Cryptocurrencies are likely to come under the cosh as governments around the world are calling for regulation to crack down on criminals and terrorists.
Government leaders claim the lawless realms of Bitcoin, Ethereum, Litecoin and dozens of other cryptocurrencies allows crooks to pass money across borders without any checks or penalty.
British Prime Minister Theresa May is one of the leading cryptocurrency critics.
“We should be looking at these very seriously precisely because of the way they can be used, particularly by criminals.
“It’s something that has been increasingly developing. I think it’s something that we do need to look at” she said.
Her comments come after Bank of England governor Mark Carney recently warned that the UK developing an online currency could make the banking system unstable.
Lawless and wild frontier
Many finance professionals consider digital currencies as lawless and a shelter for criminals who can launder money through the network.
Cryptocurrencies are also regarded as investment rather than money by many governments, which is raising tax claims against traders who have made fortunes from rising values in recent months.
As assets rather than money, cryptocurrencies are subject to capital gains tax laws.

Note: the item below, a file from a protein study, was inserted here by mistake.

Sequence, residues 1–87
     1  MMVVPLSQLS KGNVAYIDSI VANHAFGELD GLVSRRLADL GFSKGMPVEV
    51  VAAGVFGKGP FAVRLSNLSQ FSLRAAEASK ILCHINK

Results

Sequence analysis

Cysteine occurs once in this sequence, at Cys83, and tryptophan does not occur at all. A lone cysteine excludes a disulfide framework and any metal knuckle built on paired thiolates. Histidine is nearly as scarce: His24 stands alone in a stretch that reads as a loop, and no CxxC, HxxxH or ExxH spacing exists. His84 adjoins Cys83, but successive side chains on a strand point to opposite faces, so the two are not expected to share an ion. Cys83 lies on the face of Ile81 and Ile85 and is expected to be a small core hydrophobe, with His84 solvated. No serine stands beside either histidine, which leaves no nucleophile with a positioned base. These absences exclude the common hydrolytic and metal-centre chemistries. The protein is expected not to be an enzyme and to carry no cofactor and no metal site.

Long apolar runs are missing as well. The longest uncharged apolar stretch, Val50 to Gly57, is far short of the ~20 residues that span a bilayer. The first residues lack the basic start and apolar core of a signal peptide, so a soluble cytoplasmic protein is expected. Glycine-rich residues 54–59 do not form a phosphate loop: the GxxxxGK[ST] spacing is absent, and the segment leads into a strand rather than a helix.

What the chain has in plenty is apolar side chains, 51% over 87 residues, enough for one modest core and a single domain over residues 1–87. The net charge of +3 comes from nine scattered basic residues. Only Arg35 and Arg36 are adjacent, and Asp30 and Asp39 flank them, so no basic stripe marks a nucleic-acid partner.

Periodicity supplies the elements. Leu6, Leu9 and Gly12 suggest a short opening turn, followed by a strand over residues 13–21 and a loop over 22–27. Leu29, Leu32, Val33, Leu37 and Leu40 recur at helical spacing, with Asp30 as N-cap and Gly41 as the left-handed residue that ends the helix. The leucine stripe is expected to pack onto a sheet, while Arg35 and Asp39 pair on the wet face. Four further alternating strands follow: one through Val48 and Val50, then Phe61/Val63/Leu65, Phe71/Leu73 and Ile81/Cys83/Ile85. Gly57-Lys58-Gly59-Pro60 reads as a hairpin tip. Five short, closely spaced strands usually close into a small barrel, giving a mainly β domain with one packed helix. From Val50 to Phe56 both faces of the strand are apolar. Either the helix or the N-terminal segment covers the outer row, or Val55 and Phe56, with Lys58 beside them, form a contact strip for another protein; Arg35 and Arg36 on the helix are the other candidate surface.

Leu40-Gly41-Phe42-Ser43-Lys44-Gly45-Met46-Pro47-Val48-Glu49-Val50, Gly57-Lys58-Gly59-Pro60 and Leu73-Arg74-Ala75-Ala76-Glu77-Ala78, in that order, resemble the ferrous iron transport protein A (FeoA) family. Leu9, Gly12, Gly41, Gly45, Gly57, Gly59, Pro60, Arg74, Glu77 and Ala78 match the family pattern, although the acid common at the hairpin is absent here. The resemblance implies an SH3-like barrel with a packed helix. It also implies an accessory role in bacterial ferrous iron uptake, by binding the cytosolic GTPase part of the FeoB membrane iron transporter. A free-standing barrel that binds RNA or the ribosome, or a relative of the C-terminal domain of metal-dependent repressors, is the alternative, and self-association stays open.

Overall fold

Bitcoin is the leading cryptocurrency.
The virtual currency that trades online without any government or central bank regulation soared in value from $900 to a peak of $20,000 during 2017. Current trading is around $11,300.
Following May’s warning, Japanese digital currency exchange Coincheck pledged to refund customers $423 million of stolen cryptocurrency NEM.
Around 260,000 customers are reported to have lost up to $465 million after the company detected an ‘unauthorised security breach’ in the digital exchange.
Coincheck servers hacked
“We know where the funds were sent,” said a Coincheck spokesman. “We are tracing them and if we’re able to continue tracking, it may be possible to recover them.”
“We realize that this illicit transfer of funds from our platform and the resulting suspension in services has caused immense distress to our customers and we would like to offer our deepest and humblest apologies to all of those involved.
“In moving towards reopening our services, we are putting all of our efforts towards discovering the cause of the illicit transfer and overhauling and strengthening our security measures.”
Coincheck has operated since 2012 in Tokyo and has grown to one of the country’s largest cryptocurrency exchanges, employing more than 70 staff.
NEM, a digital currency like Bitcoin, was stored on the company’s servers which could be accessed by hackers rather than an uncoupled ‘cold’ wallet which is detached from the servers.